Oct 02

After switching blogging software, due to a server crash i never really got the old posts reposted from the original blog. I have had a lot of requests for one particular post: Dynamics NAV and the ROT table. I started finding the old backup of the database, to restore the post and realized it is almost 3 years old. Cant believe how fast times goes by. But after reading the very interesting post from Waldo about their new tool ReVision i came to think of this old post. (unfortunately i will not be at Directions in San Diego myself, even though i just live a couple of hours from there! But i hope to get some updates from people seeing the tool demonstrated!).

Basically what the post was about was the features of Rolling Object Table, a feature that allows Windows programs to publish “interfaces” to some of it internal features – i dont know it this is the correct description of it though :). Dynamics NAV is exposing some methods to read/write objects through the client, as well as querying forms and getting other data from the client. Since my original post, there has been quite a few additional blogs featuring the technology. We (see kudos section at the bottom) were playing around with the .NET Reflector tool, and used it on one of Celenia Version Controls dll’s. I had the same features as used in the Developers Toolkit for importing/exporting objects from the running client.

Here are some of the latest blog posts about the subject, that will give you much more information:

Here is the original post from December 2007:

With the introduction of hyperlinks for the Dynamics NAV client, the approach taken was the Running Object Table (ROT Table). From the http://msdn2.microsoft.com/en-us/library/ms695276.aspx article: “The most common type of moniker provider is a compound-document link source. This includes server applications that support linking to their documents (or portions of a document) and container applications that support linking to embeddings within their documents.”

Im not a wizard in to this, and it has been a lot of googling for the information, so if you have additional information on this issue, any hints and information would be very helpful.

Where do we find information about the interfaces? In the registry, take a look at this key:

Here are the some class names from the registry:

  1. INSHyperlink
  2. INSObjectDesigner
  3. INSApplication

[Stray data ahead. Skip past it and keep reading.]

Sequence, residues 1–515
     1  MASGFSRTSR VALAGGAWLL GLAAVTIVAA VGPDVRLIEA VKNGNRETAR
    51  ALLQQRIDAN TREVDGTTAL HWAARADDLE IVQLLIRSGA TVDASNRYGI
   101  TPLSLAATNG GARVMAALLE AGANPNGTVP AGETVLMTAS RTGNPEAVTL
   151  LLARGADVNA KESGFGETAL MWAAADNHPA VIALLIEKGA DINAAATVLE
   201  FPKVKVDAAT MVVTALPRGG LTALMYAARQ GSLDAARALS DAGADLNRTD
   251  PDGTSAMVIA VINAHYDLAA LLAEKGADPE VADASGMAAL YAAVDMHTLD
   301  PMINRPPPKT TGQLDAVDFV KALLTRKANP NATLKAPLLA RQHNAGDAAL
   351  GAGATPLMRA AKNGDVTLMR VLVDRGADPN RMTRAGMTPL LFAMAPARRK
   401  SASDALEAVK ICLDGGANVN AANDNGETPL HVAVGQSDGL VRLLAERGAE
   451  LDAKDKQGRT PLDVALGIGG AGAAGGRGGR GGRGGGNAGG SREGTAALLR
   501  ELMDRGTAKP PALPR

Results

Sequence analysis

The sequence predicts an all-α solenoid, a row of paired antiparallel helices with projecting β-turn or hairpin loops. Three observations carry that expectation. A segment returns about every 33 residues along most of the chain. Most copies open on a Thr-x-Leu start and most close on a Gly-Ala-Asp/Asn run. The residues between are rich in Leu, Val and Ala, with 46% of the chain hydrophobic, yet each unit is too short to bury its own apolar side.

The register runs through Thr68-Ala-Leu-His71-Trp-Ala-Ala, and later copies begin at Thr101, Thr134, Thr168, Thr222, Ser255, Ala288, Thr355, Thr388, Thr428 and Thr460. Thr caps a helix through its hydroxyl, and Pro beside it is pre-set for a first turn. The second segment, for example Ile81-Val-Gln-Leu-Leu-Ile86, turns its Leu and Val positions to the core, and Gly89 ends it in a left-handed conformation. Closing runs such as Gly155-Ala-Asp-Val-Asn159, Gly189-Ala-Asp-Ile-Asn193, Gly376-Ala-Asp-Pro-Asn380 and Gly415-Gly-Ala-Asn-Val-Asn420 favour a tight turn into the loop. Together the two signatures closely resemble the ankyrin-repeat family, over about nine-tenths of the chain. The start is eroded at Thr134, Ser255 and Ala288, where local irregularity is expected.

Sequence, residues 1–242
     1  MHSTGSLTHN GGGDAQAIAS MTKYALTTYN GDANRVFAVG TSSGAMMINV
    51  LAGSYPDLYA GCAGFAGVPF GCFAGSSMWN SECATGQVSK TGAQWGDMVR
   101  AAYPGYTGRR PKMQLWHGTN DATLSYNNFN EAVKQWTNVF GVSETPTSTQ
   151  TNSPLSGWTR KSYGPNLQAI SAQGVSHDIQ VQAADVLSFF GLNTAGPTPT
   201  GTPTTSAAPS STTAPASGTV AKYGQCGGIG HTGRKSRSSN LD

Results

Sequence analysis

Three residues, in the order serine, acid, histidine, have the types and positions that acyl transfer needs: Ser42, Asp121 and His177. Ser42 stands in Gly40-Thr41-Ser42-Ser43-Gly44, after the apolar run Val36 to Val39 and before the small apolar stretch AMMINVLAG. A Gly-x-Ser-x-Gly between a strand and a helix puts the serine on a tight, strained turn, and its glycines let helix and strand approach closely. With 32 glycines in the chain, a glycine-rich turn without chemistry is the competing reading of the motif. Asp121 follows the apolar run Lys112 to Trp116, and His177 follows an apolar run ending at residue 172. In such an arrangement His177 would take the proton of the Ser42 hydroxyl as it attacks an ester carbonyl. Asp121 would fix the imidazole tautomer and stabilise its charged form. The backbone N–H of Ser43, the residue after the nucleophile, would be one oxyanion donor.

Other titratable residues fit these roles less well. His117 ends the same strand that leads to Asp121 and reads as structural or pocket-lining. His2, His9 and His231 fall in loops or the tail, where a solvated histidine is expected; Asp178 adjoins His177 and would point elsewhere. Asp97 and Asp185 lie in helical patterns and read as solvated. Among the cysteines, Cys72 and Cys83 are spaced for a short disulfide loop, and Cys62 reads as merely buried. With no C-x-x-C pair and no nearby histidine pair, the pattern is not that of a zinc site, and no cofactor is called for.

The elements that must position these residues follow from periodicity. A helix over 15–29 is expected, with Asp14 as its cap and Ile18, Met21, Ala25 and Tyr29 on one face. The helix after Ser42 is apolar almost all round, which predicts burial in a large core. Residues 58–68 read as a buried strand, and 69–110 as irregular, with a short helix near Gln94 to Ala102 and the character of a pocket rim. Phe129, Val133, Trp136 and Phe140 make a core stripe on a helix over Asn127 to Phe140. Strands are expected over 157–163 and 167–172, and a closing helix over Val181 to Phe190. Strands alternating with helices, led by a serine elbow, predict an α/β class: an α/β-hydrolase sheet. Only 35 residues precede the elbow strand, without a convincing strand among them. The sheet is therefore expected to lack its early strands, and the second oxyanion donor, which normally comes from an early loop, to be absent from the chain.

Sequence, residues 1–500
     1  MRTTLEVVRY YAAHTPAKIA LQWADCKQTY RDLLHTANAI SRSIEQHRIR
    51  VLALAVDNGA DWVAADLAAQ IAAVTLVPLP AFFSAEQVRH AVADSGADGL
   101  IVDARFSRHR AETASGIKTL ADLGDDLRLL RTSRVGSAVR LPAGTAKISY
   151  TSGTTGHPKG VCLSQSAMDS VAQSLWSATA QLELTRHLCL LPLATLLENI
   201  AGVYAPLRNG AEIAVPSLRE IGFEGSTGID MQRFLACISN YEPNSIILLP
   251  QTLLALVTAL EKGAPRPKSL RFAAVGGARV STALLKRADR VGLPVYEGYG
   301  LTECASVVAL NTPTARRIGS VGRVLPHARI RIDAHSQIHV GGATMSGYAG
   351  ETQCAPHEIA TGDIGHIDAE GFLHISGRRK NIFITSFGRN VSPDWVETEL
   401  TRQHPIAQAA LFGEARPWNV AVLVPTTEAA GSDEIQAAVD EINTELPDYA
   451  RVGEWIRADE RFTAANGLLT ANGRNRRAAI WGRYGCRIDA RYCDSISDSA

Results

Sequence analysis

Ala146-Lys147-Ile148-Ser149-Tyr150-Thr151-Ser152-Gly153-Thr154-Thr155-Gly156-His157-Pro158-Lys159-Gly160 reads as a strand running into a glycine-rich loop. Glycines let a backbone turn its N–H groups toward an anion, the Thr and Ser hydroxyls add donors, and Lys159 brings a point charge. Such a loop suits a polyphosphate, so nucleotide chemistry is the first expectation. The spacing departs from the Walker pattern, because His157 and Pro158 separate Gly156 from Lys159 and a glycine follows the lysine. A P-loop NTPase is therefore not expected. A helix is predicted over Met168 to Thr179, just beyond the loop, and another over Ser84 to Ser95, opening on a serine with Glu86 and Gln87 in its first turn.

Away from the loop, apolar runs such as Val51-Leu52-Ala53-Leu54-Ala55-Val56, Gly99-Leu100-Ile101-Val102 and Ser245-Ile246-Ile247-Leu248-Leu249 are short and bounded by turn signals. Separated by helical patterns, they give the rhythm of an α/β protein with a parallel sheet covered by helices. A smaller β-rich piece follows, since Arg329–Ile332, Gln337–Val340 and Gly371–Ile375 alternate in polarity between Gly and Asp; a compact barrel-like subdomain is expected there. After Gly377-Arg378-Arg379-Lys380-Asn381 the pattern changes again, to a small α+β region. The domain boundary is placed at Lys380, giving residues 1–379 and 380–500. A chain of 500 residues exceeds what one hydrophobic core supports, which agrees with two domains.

4. INSForm
  5. _INSApplicationEvents
  6. INSHook
  7. INSTable
  8. INSRec
  9. INSMenuButton
  10. _INSMenuButtonEvents
  11. INSAppBase
  12. INSCallbackEnum

For now i have only been able to find Interfaces to INSObjectDesigner (as they are used in Celenia Version Control), which of course is very interesting. It exposes methods for these functions:

But where is the “documenation” on these interfaces??????

The format for the Read and Write functions are text files, like the ones that can be imported/exported through the object designer.

Currently i have created small installers for code dropping into NAV objects, that uses the ReadObject, then parses the file, and inserts the code, and finally imports back into NAV with WriteObjects.

Here is some screenshots from a simple application reading objects into a texteditor, allows editing, and then writing back to NAV:

Step 1: Read object into editor

Step 2: Find documentation trigger

Step 3: Add text

Step 4: Write back to NAV

Step 5: Code changed in NAV

So currently im interested in finding information about the other interfaces. I will continue this series of post here when i get some decent frameworks done in .NET. Perhaps making a Dynamics NAV Installer project in the open source community would be interesting, what do you think?

Other resources:


Not to forget, kudo’s go out to Claus Hornbæk, Alexey Pavlov and Lutz Roeder.

GotCAL.CSideInstaller Source

Monday, March 24, 2008 by Administrator

(note this is a post in progress, please post comments etc.)

This is the second part of Dynamics NAV and the ROT Table, which was posted in december 2007. In this article i will discuss some of the uses of the interfaces, and also give give you access to the sourcecode for a simple application created in Visual Studio 2005.

First off let’s take a look at the Interface for the NSObjectDesigner class:

namespace GotCAL.CSIDEInstaller
using System;
using System.Runtime.InteropServices;
using System.Runtime.InteropServices.ComTypes;
[ComImport, Guid("50000004-0000-1000-0001-0000836BD2D2"), InterfaceType(ComInterfaceType.InterfaceIsIUnknown)]
internal interface IObjectDesigner
[PreserveSig, DispId(1)]
int ReadObject([In] int objectType, [In] int objectId, [In] IStream destination);

[PreserveSig, DispId(2)]
int ReadObjects([In] string filter, [In] IStream destination);

[PreserveSig, DispId(3)]
int WriteObjects([In] IStream source);

[PreserveSig, DispId(4)]
int CompileObject([In] int objectType, [In] int objectId);

[PreserveSig, DispId(5)]